Wednesday, March 14, 2012

Some things just never get old

...and I never tire of reading Dave Barry when he goes into his “Ask Mr. Language Person” mode.

Here, from The Miami Herald, is Dave’s column from November 10, 2010, which first appeared in The Miami Herald way back on April 9, 1989.

Here, from the New York Times, is Dave’s column from October 9, 2004.

Here, from (I kid you not) the Arab News, is Dave’s column from May 28, 2005.

And here, from a website called Anvari.org, is an undated column of Dave’s.

I think I pointed you toward “Ask Mr. Language Person” a couple of years ago, but with my sides aching from laughing and my barely-suppressed giggles threatening to become full-blown uncontrollable guffaws, I am unable at this time to point you to that link.

If you want to read more of Dave Barry’s “Ask Mr. Language Person” you will just have to Google him yourself.

There is method in my madness. I’m just trying to put us all in a good mood so that we can be ready for whatever the Ides of March may bring.

(La Mort de César (The Death of Caesar), oil on canvas, 1867,
by Jean-Léon Gérôme (1824–1904), Walters Art Museum, Baltimore, Maryland)

2 comments:

Shooting Parrots said...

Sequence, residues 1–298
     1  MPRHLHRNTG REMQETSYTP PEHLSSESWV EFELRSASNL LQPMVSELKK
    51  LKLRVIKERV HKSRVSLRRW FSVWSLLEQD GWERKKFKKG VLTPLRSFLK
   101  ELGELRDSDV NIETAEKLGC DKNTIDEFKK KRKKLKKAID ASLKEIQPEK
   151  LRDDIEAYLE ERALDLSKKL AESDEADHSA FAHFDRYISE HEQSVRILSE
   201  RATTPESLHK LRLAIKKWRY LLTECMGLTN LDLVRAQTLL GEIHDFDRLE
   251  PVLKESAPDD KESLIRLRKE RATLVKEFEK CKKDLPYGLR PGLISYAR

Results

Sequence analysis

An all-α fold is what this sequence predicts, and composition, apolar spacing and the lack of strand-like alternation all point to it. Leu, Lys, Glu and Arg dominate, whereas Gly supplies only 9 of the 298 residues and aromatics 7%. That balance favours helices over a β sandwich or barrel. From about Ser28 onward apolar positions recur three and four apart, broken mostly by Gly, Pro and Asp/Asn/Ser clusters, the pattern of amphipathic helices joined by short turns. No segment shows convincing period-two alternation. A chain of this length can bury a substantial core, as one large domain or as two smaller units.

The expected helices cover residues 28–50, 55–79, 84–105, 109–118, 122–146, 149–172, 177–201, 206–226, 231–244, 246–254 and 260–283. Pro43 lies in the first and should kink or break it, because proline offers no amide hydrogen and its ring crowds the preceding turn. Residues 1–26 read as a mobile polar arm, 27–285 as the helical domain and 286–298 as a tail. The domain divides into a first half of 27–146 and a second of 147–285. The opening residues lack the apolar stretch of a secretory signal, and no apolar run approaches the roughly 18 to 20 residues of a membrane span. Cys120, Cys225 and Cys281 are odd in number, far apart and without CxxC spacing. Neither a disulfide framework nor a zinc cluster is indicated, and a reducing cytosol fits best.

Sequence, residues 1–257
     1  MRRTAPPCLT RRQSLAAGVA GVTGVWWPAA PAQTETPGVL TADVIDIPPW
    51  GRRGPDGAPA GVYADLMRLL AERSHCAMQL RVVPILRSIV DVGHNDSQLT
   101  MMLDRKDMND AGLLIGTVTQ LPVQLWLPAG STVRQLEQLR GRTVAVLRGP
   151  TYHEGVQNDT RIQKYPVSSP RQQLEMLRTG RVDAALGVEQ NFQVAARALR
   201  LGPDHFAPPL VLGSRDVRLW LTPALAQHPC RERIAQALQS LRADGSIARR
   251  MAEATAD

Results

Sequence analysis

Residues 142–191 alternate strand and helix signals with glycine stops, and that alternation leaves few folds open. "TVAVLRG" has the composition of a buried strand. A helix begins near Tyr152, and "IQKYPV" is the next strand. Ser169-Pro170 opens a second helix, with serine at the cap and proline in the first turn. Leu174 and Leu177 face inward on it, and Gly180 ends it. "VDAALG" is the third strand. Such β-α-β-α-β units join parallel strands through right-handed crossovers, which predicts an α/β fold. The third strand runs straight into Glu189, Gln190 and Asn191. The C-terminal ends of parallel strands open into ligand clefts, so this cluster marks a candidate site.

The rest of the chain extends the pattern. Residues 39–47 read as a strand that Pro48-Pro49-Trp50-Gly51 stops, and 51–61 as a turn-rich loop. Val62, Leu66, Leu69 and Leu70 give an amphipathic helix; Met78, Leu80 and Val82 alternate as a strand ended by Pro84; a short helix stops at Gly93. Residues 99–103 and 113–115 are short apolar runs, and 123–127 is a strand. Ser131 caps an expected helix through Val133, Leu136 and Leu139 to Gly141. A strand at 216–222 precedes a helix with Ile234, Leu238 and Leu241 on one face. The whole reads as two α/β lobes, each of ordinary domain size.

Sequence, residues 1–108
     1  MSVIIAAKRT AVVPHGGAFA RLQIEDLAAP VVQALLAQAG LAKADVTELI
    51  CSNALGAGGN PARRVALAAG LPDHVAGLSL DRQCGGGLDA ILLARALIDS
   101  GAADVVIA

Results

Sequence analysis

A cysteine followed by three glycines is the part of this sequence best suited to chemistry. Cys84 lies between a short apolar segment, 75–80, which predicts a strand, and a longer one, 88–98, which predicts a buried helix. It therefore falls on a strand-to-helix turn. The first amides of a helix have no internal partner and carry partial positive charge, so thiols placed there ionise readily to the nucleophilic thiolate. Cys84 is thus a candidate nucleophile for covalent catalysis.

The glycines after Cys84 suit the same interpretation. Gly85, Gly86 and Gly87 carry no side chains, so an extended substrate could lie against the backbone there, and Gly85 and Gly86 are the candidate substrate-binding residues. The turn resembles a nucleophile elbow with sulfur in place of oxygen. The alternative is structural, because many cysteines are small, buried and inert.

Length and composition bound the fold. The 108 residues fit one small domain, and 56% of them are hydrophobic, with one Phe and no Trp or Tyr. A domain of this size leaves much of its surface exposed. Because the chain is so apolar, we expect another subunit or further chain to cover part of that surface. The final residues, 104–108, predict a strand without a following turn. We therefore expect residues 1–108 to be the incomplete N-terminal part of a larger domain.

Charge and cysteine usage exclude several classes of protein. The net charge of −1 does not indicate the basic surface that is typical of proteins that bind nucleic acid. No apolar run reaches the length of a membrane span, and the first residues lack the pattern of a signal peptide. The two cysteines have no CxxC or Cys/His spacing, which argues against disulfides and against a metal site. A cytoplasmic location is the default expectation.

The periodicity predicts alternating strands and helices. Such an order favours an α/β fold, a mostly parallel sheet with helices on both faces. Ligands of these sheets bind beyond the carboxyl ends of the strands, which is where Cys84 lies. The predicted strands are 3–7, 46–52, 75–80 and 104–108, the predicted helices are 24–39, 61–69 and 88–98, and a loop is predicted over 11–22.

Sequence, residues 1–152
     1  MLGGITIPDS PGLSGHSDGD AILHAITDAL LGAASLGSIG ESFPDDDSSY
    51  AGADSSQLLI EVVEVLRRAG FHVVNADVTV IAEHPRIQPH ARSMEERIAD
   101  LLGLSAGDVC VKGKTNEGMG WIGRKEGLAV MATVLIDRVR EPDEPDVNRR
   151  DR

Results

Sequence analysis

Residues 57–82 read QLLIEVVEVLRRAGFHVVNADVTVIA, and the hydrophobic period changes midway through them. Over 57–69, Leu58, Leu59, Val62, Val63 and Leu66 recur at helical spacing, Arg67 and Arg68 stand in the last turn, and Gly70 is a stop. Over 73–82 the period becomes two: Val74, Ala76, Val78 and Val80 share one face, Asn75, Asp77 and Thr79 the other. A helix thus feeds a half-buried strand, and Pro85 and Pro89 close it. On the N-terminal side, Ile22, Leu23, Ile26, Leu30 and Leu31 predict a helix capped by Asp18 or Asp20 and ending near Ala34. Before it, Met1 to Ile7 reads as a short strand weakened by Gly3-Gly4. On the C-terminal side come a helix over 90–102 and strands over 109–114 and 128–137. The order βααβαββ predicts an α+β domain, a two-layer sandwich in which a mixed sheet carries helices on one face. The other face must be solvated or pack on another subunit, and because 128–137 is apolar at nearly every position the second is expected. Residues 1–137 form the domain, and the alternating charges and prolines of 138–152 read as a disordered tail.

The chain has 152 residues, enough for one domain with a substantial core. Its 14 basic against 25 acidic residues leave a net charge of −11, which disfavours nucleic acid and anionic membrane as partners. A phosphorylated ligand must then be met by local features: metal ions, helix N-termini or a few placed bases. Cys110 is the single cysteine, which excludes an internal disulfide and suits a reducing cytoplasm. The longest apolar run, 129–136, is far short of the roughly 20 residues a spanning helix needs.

I have a question for 'Ask Mr Language Person': Why did Julius Ceasar say 'Et tu, Brute?' when the rest of the time he spoke English like regular people?

rhymeswithplague said...

Although I am not now nor have I ever been Dave Barry's personal mail forwarder, I can tell you that (a) regular people are hard to find except in advertisements for Ex-Lax and (b) no two people speak English the same way. In America a so-called regular person might say, "I had to laaff to see the caaff go down the paath to take a baath" but over there where you are a so-called regular person might say, "I had to lahf to see the cahlf go down the pahth to take a bahth." I learned this interesting fact at, and sometimes over, my father's knee more than 60 years ago, and if ever there was a regular person, it was him, er, he.

Julius Caesar said, "Et two, Bru-tay?" because a couple of pieces of pizza were missing.